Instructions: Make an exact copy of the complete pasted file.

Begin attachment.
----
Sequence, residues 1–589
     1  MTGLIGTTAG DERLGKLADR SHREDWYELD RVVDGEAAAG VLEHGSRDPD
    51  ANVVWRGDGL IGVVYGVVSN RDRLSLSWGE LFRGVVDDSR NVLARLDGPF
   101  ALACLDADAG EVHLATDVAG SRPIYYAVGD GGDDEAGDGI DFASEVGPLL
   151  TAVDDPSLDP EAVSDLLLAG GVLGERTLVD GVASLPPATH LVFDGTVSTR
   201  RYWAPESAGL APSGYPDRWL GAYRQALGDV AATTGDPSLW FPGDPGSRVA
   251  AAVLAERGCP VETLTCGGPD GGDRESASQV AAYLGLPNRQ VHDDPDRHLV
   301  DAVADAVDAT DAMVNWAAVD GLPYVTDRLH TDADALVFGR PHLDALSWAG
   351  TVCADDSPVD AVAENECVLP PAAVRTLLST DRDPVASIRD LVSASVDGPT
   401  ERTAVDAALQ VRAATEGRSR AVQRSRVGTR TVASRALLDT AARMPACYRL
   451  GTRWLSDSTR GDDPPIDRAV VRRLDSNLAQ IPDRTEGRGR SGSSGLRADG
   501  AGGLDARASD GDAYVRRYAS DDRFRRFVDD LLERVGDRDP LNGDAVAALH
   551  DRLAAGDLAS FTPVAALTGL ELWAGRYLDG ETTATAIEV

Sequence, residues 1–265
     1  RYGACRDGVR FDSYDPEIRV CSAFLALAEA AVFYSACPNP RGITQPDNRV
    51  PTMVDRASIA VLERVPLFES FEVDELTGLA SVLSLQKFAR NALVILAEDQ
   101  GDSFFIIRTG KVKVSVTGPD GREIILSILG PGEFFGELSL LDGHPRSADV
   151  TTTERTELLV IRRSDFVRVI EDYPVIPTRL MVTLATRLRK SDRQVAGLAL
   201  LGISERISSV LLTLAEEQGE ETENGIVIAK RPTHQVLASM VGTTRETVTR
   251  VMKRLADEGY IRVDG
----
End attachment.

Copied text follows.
Sequence, residues 1–589
     1  MTGLIGTTAG DERLGKLADR SHREDWYELD RVVDGEAAAG VLEHGSRDPD
    51  ANVVWRGDGL IGVVYGVVSN RDRLSLSWGE LFRGVVDDSR NVLARLDGPF
   101  ALACLDADAG EVHLATDVAG SRPIYYAVGD GGDDEAGDGI DFASEVGPLL
   151  TAVDDPSLDP EAVSDLLLAG GVLGERTLVD GVASLPPATH LVFDGTVSTR
   201  RYWAPESAGL APSGYPDRWL GAYRQALGDV AATTGDPSLW FPGDPGSRVA
   251  AAVLAERGCP VETLTCGGPD GGDRESASQV AAYLGLPNRQ VHDDPDRHLV
   301  DAVADAVDAT DAMVNWAAVD GLPYVTDRLH TDADALVFGR PHLDALSWAG
   351  TVCADDSPVD AVAENECVLP PAAVRTLLST DRDPVASIRD LVSASVDGPT
   401  ERTAVDAALQ VRAATEGRSR AVQRSRVGTR TVASRALLDT AARMPACYRL
   451  GTRWLSDSTR GDDPPIDRAV VRRLDSNLAQ IPDRTEGRGR SGSSGLRADG
   501  AGGLDARASD GDAYVRRYAS DDRFRRFVDD LLERVGDRDP LNGDAVAALH
   551  DRLAAGDLAS FTPVAALTGL ELWAGRYLDG ETTATAIEV

Sequence, residues 1–265
     1  RYGACRDGVR FDSYDPEIRV CSAFLALAEA AVFYSACPNP RGITQPDNRV
    51  PTMVDRASIA VLERVPLFES FEVDELTGLA SVLSLQKFAR NALVILAEDQ
   101  GDSFFIIRTG KVKVSVTGPD GREIILSILG PGEFFGELSL LDGHPRSADV
   151  TTTERTELLV IRRSDFVRVI EDYPVIPTRL MVTLATRLRK SDRQVAGLAL
   201  LGISERISSV LLTLAEEQGE ETENGIVIAK RPTHQVLASM VGTTRETVTR
   251  VMKRLADEGY IRVDG